MANCHANDA J. - This is a case stated under section 66(1) of the Indian Income-tax Act, 1922 (hereinafter referred to as the Act). The question referred is :
'Whether the assessee is entitled to development rebate on the 50 new Kolhus added during the relevant previous year ?'
The material facts are these : The assessee in a firm which, inter alia, carries on business of letting out Kolhus on hire. The relevant assessment year is 1960-61, the accounting year whereof the year ending 30th of October, 1959.
During the said previous year, the assessee let out 829 kolhus, out of which 779 kolhus were old ones and 50 were new additions manufactured during the previous year. The original cost of the said additions of kolhus amounted to Rs. 15,032. New kharad machines were also added during the previous year whose original cost was Rs. 4,000.
The assessee claimed development rebate in respect of the 50 new kolhus and kharad machines added during the previous year, but the claim was ignored by the Income-tax Officer. The assessee appealed to the Appellate Assistant Commissioner and contended, inter alia, that development rebate should have been allowed on the additional kolhus and the kharad machines. The Appellate Assistant Commissioner upheld the assessees contention observing :
'The Income-tax Officer has not given any reason why development rebate has not been allowed. The assessee has created proper reserve. Hence development rebate is allowed on this amount of Rs. 19,032. The Income-tax Officer is directed to allow development rebate at 25%.'
Thereupon, the department filed an appeal to the Tribunal against the aforesaid decision of the Appellate Assistant Commissioner so far as it pertained to the additional kolhus valued at Rs. 15,032 and contended that the Appellate Assistant Commissioner had erred in allowing development rebate thereon, because : (1) Kolhu is not 'machinery or plant installed' within the meaning of section 10(2) (vib); and (2) it was not plant or machinery wholly used for the purposes of the business carried on by the assessee. According to the Tribunal, the true interpretation of section 10(2) (vib) was that development rebate could only be claimed by a person who satisfied two conditions : (1) that the plant or machinery should be installed in such persons business, and (2) that it should be wholly used for the purposes of that very business carried on by him. But, as the assessee carried on the business of letting kolhus on hire to others in order that they may make use of them for the purpose of their business, the Tribunal opined that it can not be said that the kolhus were installed and used for the purposes of the assessees business of hiring. To support the conclusion that the installation and the user of the plant or machinery must be by one and the same person, reference was made by the Tribunal to the provisions of section 12(3) of the Act, which catalogues the allowances to which an assessee who lets on hire machinery belonging to him is entitled to and, as that makes no reference to the allowance of development rebate under section 10(2) (vib), it was concluded that, even if the hiring constituted a business under section 10, the development rebate would not be admissible. The order of the Appellate Assistant Commissioner was accordingly reversed and the appeal allowed. Hence, this reference at the instance of the assessee.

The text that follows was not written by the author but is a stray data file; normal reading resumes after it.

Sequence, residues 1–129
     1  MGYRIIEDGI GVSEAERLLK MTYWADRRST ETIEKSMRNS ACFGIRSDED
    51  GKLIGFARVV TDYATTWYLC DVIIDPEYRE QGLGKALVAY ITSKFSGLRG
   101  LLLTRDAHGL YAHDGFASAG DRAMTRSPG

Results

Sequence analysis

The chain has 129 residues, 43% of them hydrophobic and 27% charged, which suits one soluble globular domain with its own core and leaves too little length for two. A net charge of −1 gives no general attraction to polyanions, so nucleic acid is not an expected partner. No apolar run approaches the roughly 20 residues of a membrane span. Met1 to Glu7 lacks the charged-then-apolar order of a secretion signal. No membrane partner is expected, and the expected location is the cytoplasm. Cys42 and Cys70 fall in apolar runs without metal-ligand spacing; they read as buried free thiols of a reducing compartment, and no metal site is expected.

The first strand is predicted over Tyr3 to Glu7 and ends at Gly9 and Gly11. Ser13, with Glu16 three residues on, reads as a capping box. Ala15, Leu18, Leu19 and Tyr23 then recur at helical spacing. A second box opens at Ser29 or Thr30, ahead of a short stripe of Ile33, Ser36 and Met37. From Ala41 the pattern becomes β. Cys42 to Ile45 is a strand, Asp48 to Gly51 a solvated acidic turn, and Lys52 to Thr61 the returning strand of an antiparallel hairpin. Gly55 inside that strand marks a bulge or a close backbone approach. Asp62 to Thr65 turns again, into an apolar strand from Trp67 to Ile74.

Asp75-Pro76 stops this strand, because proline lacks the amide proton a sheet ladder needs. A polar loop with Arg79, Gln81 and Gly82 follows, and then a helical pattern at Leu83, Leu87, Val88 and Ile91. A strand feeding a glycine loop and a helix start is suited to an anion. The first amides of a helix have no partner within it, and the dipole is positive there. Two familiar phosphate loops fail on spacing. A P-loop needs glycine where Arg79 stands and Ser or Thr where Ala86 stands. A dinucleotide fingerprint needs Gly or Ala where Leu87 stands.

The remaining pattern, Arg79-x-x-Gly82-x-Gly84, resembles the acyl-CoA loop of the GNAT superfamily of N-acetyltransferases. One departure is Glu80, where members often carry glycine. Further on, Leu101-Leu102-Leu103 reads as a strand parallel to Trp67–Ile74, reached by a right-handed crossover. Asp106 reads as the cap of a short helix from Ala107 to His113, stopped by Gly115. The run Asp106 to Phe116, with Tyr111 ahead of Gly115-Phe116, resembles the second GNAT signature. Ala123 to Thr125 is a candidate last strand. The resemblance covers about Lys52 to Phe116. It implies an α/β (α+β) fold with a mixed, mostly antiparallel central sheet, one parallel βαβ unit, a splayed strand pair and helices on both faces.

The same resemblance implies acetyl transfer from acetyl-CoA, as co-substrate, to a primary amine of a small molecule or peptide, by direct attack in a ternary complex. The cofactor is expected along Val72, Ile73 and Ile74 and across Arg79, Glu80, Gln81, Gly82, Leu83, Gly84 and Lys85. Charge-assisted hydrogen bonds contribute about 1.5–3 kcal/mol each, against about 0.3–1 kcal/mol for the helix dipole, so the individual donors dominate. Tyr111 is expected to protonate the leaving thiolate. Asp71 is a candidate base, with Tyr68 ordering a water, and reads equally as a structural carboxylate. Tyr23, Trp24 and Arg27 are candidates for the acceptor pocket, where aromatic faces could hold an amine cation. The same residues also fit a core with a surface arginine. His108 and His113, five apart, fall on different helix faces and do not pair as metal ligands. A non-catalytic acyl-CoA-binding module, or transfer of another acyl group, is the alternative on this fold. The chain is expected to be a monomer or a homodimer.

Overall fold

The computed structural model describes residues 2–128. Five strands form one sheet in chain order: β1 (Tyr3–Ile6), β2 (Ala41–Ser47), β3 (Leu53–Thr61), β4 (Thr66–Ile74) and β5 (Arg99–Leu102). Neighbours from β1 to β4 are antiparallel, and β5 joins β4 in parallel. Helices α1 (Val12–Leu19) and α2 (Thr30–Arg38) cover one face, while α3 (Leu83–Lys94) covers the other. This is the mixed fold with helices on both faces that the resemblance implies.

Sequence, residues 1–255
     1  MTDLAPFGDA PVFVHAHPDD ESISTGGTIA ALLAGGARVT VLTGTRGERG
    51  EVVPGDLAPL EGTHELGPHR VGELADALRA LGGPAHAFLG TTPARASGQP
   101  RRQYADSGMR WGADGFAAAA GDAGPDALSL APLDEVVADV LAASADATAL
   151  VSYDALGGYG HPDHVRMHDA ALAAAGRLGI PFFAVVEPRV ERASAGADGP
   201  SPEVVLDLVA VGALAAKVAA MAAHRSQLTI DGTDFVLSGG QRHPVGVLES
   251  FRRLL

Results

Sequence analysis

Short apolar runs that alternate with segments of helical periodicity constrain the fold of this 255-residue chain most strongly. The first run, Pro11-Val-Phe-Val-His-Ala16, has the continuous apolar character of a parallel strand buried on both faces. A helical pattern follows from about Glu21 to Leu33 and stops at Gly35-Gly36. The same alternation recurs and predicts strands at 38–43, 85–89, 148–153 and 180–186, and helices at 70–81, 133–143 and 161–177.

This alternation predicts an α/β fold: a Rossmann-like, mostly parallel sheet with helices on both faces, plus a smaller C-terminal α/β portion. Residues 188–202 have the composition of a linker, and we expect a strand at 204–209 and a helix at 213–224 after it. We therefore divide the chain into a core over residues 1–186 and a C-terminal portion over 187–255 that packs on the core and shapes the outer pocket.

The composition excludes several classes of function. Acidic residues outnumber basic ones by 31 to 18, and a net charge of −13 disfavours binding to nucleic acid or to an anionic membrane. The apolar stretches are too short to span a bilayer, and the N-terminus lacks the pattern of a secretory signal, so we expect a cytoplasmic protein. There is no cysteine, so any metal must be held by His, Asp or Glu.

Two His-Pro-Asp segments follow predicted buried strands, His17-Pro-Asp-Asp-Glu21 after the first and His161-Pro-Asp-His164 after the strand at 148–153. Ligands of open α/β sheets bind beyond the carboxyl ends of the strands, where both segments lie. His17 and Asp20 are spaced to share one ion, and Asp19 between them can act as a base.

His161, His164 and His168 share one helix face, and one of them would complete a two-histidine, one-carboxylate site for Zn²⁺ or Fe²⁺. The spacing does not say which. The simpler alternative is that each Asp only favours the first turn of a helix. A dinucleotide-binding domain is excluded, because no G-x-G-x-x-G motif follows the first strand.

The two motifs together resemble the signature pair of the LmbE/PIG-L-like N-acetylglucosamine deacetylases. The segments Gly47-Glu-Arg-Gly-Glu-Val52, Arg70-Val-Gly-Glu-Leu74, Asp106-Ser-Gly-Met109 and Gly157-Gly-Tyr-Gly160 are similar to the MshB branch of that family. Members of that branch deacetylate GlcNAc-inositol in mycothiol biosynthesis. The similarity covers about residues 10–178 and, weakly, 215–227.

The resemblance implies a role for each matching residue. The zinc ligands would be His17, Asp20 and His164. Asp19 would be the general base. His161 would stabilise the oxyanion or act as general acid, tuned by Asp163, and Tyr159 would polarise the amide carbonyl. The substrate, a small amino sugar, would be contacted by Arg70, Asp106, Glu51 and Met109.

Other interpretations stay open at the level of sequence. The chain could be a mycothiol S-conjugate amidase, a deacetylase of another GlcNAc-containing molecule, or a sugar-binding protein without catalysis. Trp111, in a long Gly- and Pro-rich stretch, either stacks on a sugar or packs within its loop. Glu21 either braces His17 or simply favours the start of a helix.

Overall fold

As there is no case directly in point and the matter is res integra, it will be useful to set out the relevant provisions of the Act at the very outset. Section 10(1) reads :
'The tax shall be payable by an assessee under the head Profits and gains of business, profession or vocation in respect of the profits or gains of any....... carried on by him.
(2) Such profits or gains shall be computed after making the following allowances, namely :..
(vi) in respect of depreciation of such buildings, machinery, plant or furniture being the property of the assessee, a sum equivalent,... to such percentage..
(vib) in respect of a new ship acquired or new machinery or plant installed after the 31st day of March, 1954, which is wholly used for the purpose of the business carried on by the assessee, a sum by way of development rebate in respect of the year of acquisition of the ship or of the ship or of the installation of machinery or plant, equivalent to,..' The relevant portion of section 10(5) runs :
'....plant includes vehicles, books, scientific apparatus and surgical equipment purchased for the purpose of the business, profession or vocation;...'
A combined reading of the provisions set out above makes it clear that the words 'plant and machinery' in section 10(2) have to be given a very wide meaning. Even for the purpose of section 10(2) (vib), as it stood at relevant time and before the Income-tax Act of 1961, wherein by section 33, which corresponded to the old section 10(2) (vib), a specific provision was added excluding office appliance or a road transport vehicle from the definition of 'plant'. In any case, kolhus are neither office appliance nor 'vehicles' and, therefore, if not machinery would certainly be a 'plant' and as such qualify for depreciation and development rebate provided the other conditions of section 10(2) (vib) are satisfied. There cannot also be much doubt that depreciation as well as development rebate could only be claimed by the person who is the owner of the property. Sub-clause (vi) of sub-section (2) of section 10 makes it clear that depreciation can only be claimed by the person whose property is attached (sic). The words used are 'being the property of the assessee', in other words, the owner of the property. The assessee in the present case is undoubtedly the owner of the kolhus. The conditions for qualifying for development rebate are :(1) that the asset is new, (2) installed after the 31st of March, 1954 (3) it should be owned by the assessee, (4) it is used wholly for the purposes of the assessees business, and (5) the development rebate reserve must have been created.